Stinson, D. W. (2011). When the “Burden of Acting White” is Not a Burden: School Success and African American Male Students. The Urban Review, 43(1), 43-65.
In this article, the author reports the “voices” of four academically successful African American men, in their early 20s, as they explicitly respond, in retrospect, to questions regarding the applicability of the burden of acting White theory to their schooling experiences—responses made after reading research articles written by Signithia Fordham and John Ogbu. In general, the responses from the four men illustrate that they successfully negotiated the burden of acting White, even as they revealed instances in which the theory might have been applied to their schooling experiences. The author argues that the various interpretations and uses of Fordham’s and Ogbu’s (single- and co-authored) theories—and, in part, the theories themselves—failed to escape the lure of oversimplification. In that, the (mis?)interpretations and (mis?)uses often oversimplified the theories, and, in turn, the schooling experiences of Black students (and historically marginalized students in general).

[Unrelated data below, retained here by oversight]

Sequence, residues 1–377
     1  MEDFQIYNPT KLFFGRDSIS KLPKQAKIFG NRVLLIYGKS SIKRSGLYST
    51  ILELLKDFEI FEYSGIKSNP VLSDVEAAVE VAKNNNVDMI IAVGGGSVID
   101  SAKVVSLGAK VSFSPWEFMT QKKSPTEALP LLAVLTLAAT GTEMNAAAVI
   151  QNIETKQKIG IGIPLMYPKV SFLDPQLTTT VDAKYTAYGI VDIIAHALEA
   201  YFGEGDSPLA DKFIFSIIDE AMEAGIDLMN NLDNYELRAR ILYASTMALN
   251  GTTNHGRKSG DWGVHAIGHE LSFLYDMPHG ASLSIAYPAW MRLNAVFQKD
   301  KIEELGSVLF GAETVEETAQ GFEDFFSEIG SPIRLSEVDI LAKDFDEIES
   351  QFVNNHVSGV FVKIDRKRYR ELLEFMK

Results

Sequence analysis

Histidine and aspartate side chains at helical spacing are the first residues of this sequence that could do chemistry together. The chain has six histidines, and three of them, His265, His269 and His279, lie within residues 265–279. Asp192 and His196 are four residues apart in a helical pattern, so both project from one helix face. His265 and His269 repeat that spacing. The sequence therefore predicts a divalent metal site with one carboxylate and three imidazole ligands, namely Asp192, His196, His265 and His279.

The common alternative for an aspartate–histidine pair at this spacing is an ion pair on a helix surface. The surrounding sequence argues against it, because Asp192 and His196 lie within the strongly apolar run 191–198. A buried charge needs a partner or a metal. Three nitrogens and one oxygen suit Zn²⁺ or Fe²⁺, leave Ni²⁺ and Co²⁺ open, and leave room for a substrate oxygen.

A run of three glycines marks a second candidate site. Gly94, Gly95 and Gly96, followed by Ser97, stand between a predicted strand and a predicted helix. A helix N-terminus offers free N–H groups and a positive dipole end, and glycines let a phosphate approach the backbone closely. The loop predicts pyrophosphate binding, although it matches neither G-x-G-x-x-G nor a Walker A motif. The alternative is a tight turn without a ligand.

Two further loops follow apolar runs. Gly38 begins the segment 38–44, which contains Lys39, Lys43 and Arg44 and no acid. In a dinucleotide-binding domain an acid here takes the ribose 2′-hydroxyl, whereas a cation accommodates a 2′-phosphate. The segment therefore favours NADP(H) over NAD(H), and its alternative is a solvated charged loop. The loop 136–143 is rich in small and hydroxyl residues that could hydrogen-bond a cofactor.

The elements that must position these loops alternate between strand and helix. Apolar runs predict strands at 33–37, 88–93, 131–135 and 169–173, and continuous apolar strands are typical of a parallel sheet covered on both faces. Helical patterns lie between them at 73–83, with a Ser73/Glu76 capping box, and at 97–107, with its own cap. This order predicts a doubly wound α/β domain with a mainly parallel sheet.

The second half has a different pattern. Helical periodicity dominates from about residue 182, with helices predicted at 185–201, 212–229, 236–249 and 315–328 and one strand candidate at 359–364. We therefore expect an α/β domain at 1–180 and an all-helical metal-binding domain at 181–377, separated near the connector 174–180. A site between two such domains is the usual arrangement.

Full article can be found here: